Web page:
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Criminal Justic Bill Passes First Vote 12/18 06:20

   WASHINGTON (AP) -- Legislation that would ease federal sentencing laws for 
some offenders cleared its first major test vote Monday, garnering overwhelming 
support in both parties even as some conservatives portrayed the bill as soft 
on crime.

   The Senate voted 82-12 to advance the bill. A vote on final passage would 
come later in the week, but not until the chamber has debated and voted on a 
series of amendments from opponents that will be brought up Tuesday.

   The bill would give judges more discretion when sentencing drug offenders 
and allow about 2,600 federal prisoners sentenced for crack cocaine offenses 
before August 2010 the opportunity to petition for a reduced penalty. The bill 
also encourages prisoners to participate in programs designed to reduce the 
risk of recidivism, with the reward being the accumulation of credits that can 
be used to gain an earlier release to a halfway house or home confinement to 
finish out their sentence.

   To win over wary senators, sponsors tweaked the bill to prevent those 
convicted of violent firearm offenses, sexual exploitation of children and 
high-level fentanyl and heroin dealing from participating in the supervised 
release program --- but Senator Tom Cotton, R-Ark., and others want to expand 
that list.

   Their amendment would add carjacking, bank robbery by force, felony sex 
crimes and other "felony crimes of violence" to the list of offenses that make 
a prisoner ineligible.

   "Some of those crimes should not be eligible for that program," said Sen. 
Mike Rounds, R-S.D. "At this point, I'm probably a no unless they get that 
done."

   Cotton has been among the most vocal opponents of the legislation, saying: 
"If other senators want to vote for a bill that's going to let sex offenders 
and child pornographers and wife-beaters out of prison, that's their 
prerogative. That's between them and the voters in their state."

   The bill has created a unique split in the GOP camp, while Democrats are 
overwhelmingly supportive.

   Republican Sen. Mike Lee of Utah, a former federal prosecutor, is among the 
bill's champions. He said he has been haunted by the words of a federal judge 
who sentenced a low-level drug offender carrying a gun to 55 years in prison, 
noting that murderers, rapists and terrorists could get less time for their 
offense. He said only Congress could fix the problem.

   "Those comments have stayed with me ever since," Lee said.

   The bill follows the lead of states such as Texas that have experienced a 
decrease in crime in recent years while keeping fewer people in prison. Sen.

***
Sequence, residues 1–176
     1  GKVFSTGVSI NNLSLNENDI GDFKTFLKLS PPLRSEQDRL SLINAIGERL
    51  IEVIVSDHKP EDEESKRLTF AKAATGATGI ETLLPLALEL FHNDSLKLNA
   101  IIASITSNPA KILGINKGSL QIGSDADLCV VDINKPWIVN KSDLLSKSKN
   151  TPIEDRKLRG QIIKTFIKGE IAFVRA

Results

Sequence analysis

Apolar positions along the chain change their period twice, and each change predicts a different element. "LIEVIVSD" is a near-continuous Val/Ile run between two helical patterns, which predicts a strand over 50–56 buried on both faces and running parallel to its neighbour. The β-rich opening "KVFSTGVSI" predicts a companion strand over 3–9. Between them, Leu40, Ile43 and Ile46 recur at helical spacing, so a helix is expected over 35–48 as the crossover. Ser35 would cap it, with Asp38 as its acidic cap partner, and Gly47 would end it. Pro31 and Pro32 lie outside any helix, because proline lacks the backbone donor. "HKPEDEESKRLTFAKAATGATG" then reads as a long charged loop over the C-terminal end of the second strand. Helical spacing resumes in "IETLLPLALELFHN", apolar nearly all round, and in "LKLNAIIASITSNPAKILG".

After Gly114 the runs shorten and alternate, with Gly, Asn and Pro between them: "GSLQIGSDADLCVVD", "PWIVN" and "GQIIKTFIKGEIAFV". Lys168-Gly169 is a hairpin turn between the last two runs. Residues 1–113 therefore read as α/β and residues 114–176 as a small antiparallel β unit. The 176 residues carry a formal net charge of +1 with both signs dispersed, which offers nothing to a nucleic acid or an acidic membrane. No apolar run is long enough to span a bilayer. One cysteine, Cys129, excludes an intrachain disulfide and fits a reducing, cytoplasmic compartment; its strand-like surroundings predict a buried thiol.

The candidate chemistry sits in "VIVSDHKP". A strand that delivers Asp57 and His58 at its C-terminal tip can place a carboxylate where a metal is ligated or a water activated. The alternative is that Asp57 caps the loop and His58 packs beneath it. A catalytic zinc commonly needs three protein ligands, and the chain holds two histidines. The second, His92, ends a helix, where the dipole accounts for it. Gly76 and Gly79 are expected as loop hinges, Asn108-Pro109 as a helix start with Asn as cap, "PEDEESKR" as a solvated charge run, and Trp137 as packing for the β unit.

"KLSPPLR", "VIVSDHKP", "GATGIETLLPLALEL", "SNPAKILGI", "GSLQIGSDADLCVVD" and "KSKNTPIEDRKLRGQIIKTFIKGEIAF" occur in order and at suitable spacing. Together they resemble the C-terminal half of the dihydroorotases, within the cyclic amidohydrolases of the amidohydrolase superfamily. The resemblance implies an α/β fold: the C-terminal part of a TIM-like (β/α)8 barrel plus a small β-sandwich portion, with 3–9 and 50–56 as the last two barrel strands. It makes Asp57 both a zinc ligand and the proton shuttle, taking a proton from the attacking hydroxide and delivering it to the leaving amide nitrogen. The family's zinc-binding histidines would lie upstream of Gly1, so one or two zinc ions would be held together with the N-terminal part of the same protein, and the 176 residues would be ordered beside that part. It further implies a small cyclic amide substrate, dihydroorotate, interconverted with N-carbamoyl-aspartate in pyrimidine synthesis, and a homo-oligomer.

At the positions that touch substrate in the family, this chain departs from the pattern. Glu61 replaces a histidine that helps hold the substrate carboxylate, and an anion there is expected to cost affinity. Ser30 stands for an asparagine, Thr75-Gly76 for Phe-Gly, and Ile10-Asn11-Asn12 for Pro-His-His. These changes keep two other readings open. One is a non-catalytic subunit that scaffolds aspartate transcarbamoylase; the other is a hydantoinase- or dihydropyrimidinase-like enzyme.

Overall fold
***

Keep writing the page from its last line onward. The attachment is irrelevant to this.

John Cornyn, R-Texas, said his home state has been able to close eight prisons 
since undertaking various prison reforms, such as investing in probation 
staffing and getting prisoners into drug treatment more quickly.

   "This is not about being tough on crime, or soft on crime," Cornyn said. 
"This is about being smart on crime and getting the best results."

   Supporters of the bill warn that amendments from Cotton and Sen. John 
Kennedy, R-La., could cause the compromise to unravel if the Senate approves 
any of them as early as Tuesday. A unique cross-section of liberal and 
conservative advocacy groups have rallied in support of the bill.

   David Safavian, general counsel for the American Conservative Union, said 
the bill's critics ignore that offenders would be subject to strict oversight 
while completing their sentence at halfway houses or in home custody. The 
prisoners also have to show through objective criteria that they are a low risk 
to society before obtaining supervised release.

   Under the current process, nearly half of released federal prisoners are 
arrested again.

   "And every case of recidivism is another victim, is another crime, is 
another prosecution, is another trial, is another prison cell, all funded with 
taxpayer dollars," Safavian said. "I'm sorry, but there is nothing conservative 
about protecting a non-functioning prison bureaucracy."

   If the legislation passes the Senate, the House is expected to approve it 
quickly. The House had earlier passed legislation that focused on boosting 
prisoner rehabilitation programs, but did not include changes to sentencing 
laws that critics say had led to overly harsh sentences for many nonviolent 
offenders, particularly African-Americans.

   The bill looked to have stalled a couple weeks ago, but supporters led by 
President Donald Trump and son-in-law Jared Kushner persuaded Senate Majority 
Leader Mitch McConnell, R-Ky., to allow for the Senate vote before Congress 
adjourns.


(KA)

 
 
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